The virtualization of computing, software-defined storage, and networking has given birth to hyperconverged infrastructures. Implicit trust is gone and has made way for a more effective practice- explicit identity-based trust. The rapid shift to work-from-home has accelerated the adoption of Zero Trust frameworks. Do you believe Zero Trust-as-a-Service will be a necessary component of security strategies for 2021 and beyond?
Absolutely. I believe you’ll see a significant increase in the adoption of a Zero Trust-as-a-Service model being used in security strategies beyond 2021. We’ve learned over the years that relying heavily on network security such as firewalls does almost nothing for you when faced with determined adversaries. Also, as organizations move more of their workloads to the cloud, it only becomes more imperative to protect and restrict those whom have access and ensure you have the right level of visibility. This approach will require more granular perimeter enforcements based on who the user is, where they are located, and other elements of data to determine the level of trust that’s granted. Implementing this type of strategy is not something that’ll occur overnight. My recommendation to organizations looking to embrace the Zero Trust model is to first design it and try to avoid the incorporation of legacy systems that aren’t fully capable of taking this journey. For larger and more complex businesses, this may be a multi-year project depending on your IT environment. But for smaller and medium-sized companies, it could be a great opportunity to completely transform how they approach cybersecurity that’ll ultimately protect them from advances being made by threat actors.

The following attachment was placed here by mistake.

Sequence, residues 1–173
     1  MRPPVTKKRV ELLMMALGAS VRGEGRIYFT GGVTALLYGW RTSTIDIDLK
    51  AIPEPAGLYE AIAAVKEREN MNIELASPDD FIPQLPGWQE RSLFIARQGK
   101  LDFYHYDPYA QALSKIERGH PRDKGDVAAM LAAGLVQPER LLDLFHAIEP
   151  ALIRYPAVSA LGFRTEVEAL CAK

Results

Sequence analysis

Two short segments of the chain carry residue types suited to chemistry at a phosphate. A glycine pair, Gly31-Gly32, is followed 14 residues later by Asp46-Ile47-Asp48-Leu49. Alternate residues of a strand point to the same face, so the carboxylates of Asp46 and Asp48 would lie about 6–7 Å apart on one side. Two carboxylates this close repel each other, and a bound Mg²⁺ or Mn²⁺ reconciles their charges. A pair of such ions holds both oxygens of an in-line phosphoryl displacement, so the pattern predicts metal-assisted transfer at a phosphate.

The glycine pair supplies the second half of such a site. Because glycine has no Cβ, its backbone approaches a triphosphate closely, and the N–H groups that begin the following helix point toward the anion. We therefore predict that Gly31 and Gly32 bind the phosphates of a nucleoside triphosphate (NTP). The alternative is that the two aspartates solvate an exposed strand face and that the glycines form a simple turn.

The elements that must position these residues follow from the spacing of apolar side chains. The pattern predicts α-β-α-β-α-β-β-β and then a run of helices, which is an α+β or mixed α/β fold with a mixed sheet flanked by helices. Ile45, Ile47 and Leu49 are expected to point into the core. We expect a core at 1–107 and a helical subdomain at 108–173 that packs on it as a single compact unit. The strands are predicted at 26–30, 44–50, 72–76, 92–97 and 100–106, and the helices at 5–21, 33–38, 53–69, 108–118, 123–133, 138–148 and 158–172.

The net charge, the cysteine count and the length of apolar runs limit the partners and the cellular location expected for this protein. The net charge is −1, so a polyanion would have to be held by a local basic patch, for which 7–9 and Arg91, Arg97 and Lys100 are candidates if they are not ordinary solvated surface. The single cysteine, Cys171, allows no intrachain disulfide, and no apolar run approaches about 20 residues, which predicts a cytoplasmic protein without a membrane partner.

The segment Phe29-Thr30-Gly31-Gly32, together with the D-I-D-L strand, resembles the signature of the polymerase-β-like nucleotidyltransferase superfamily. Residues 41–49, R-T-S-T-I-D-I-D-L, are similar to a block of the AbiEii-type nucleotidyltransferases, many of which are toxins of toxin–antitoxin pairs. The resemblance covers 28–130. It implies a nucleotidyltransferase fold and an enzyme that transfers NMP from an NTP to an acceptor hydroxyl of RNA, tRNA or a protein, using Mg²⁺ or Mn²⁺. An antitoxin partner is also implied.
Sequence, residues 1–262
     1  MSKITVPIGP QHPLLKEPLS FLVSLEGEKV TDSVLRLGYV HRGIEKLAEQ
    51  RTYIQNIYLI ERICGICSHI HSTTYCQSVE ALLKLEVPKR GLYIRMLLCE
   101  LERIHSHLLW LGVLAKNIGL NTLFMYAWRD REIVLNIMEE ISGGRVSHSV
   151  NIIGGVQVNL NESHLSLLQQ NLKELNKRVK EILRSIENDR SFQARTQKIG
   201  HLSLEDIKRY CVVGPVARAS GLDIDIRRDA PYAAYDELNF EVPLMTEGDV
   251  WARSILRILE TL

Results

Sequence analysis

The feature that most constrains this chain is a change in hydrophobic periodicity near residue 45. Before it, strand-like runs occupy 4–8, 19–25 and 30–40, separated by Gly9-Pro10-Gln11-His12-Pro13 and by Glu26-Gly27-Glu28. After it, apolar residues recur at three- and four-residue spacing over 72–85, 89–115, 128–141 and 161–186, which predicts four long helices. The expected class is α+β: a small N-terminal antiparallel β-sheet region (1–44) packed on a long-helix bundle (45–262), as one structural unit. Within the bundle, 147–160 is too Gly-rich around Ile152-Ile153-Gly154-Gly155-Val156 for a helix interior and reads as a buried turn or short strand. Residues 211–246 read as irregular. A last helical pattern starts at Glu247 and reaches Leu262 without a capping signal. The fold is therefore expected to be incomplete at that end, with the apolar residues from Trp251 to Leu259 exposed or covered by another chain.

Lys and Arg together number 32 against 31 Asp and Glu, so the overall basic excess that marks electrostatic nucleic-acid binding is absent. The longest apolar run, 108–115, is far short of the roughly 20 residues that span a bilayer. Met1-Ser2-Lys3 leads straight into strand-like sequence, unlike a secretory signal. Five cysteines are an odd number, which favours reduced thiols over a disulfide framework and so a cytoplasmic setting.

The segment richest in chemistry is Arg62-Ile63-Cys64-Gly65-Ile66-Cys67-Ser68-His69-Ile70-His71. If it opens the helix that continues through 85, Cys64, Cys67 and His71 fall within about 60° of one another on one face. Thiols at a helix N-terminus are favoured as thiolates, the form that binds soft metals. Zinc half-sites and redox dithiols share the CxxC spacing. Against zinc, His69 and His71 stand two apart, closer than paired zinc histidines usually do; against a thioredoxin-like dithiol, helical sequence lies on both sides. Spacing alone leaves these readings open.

Read a longer version of this interview in the next issue of CISO MAG.
About the Author
Augustin Kurian is part of the editorial team at CISO MAG and writes interviews and features.